“Behold, your troops are women in your midst. The gates of your land are wide open to your enemies; fire has devoured your bars.” Your troops are as good as troops, and your gates are as good as gates, as your fortresses are good as fortresses, which is to say: you may as well not have any of it. Your army is worthless, your gates may as well be wide open, and your fortresses will fall as easily as first-ripe figs.
“Your troops are as women in your midst.” The women, I take it, were not trained as warriors, or were not expected to be very good at fighting anyways. Your troops are untrained, and may well have never thought of fighting—or that is how good they are. Your defenses against this world are weak, you go out to fight with dull blades. Your bullets are confetti, your artillery is jammed. You think you keep the LORD away with these? They are as nothing to him. He will do as he wills, and nothing can stop him.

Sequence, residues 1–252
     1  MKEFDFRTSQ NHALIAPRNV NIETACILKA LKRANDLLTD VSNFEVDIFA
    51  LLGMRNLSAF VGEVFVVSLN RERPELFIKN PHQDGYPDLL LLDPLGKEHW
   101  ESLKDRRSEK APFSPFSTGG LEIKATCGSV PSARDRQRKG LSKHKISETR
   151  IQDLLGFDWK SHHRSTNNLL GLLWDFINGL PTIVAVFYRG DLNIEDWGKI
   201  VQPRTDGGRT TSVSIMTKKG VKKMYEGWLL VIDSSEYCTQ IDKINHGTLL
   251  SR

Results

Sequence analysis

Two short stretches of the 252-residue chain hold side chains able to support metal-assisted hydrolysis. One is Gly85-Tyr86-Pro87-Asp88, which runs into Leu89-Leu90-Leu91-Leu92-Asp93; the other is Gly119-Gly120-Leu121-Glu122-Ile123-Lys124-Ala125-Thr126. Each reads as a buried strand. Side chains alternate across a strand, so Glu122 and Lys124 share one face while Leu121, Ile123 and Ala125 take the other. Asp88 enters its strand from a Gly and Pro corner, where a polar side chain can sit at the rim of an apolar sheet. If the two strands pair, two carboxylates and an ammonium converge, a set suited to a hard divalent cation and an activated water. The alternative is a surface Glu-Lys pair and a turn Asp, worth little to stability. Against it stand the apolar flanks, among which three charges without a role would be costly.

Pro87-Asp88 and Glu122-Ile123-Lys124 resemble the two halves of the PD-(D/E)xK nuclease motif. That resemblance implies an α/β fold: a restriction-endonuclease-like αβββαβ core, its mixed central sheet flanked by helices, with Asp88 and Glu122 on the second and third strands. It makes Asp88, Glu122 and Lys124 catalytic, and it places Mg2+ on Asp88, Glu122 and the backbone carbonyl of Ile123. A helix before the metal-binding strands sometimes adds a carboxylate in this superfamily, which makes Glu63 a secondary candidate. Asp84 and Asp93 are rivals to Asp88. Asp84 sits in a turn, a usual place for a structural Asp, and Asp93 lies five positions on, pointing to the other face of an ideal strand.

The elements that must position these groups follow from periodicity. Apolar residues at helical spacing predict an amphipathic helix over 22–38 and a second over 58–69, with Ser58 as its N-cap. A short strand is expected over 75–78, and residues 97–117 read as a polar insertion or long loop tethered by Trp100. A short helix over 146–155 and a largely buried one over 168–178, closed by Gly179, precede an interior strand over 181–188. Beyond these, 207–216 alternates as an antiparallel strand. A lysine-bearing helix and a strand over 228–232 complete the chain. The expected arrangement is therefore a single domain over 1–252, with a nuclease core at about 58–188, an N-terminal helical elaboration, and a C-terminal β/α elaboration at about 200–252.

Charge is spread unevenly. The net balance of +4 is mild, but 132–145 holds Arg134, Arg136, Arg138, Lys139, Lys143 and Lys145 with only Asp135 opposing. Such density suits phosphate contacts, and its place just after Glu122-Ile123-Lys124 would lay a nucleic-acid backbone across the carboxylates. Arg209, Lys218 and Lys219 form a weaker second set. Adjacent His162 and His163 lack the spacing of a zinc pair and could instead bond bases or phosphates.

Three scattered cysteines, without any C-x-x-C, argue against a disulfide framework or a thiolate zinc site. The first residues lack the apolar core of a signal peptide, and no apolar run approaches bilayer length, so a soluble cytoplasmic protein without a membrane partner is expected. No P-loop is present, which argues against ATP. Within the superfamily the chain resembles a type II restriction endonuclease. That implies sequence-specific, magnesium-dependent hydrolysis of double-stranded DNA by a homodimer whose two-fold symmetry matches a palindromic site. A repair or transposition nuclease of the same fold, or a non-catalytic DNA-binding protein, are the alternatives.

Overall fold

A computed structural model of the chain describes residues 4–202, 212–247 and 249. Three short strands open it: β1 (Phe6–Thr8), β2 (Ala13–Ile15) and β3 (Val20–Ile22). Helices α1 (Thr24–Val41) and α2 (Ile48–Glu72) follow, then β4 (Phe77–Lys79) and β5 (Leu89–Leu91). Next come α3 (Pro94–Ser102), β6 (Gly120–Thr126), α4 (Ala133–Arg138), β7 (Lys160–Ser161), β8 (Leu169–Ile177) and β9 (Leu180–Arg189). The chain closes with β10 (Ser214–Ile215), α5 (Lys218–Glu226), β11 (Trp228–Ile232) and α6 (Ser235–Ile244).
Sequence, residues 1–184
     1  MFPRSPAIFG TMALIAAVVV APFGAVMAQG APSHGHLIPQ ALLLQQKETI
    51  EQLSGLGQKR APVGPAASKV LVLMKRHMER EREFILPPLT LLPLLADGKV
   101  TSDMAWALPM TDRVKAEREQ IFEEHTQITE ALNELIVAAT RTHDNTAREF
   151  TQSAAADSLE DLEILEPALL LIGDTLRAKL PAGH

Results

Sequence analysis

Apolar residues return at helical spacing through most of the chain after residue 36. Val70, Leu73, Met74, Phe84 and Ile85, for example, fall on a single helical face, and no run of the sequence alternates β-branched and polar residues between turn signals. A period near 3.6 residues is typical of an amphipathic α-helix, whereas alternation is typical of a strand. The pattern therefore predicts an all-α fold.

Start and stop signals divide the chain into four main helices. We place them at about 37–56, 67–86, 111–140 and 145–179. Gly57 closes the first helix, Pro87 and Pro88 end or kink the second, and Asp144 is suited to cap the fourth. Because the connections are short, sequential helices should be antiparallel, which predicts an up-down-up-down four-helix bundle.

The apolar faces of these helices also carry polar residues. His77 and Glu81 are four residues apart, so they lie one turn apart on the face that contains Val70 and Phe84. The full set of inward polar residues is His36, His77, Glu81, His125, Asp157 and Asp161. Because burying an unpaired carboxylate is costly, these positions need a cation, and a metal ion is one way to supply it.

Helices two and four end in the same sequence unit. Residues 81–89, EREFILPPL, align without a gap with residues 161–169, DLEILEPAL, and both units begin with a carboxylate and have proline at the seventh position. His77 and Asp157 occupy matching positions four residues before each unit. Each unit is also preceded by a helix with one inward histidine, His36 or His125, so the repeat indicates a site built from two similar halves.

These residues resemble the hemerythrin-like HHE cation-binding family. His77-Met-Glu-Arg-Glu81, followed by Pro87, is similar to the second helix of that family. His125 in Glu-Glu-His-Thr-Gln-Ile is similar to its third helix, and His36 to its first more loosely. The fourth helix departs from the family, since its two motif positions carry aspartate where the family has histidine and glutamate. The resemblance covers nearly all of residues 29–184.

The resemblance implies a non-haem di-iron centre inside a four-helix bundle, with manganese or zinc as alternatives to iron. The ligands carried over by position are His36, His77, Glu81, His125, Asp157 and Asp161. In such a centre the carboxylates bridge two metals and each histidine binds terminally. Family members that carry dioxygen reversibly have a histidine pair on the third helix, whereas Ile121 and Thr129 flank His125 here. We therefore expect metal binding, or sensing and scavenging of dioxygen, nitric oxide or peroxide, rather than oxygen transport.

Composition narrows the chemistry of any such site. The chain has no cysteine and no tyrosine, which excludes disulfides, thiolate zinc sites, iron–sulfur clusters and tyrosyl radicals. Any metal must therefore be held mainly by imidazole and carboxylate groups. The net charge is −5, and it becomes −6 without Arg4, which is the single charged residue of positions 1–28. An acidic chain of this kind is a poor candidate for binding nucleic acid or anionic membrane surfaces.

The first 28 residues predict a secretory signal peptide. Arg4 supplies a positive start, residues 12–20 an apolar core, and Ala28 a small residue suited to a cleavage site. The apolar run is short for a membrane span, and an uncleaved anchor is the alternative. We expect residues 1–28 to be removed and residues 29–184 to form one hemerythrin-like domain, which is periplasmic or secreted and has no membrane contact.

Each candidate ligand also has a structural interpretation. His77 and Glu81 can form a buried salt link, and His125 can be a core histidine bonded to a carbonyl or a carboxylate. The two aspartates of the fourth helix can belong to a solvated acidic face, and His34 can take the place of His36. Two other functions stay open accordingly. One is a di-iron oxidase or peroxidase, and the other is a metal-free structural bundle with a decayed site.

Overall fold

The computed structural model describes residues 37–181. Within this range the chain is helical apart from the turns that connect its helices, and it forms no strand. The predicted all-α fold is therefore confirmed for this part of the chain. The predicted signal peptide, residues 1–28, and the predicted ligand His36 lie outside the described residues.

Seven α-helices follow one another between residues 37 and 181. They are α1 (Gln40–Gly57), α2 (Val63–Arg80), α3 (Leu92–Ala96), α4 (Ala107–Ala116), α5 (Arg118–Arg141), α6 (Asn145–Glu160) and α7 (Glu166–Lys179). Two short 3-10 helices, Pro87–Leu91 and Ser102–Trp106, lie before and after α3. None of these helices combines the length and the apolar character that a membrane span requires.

“The gates of your land are wide open to your enemies; fire has devoured your bars.” You may as well give the burglar the keys to your safe, if the LORD has chosen to have your safe burgled. His will is decisive—not that we ought not properly safeguard what the LORD has entrusted to us, but in the end, it is the LORD who decides what will happen to us and our things. We cannot keep him out of our lives. If we reject him, he will invade to destroy us. If we welcome him, he will enliven us. If he has determined to enliven us, we cannot stop him.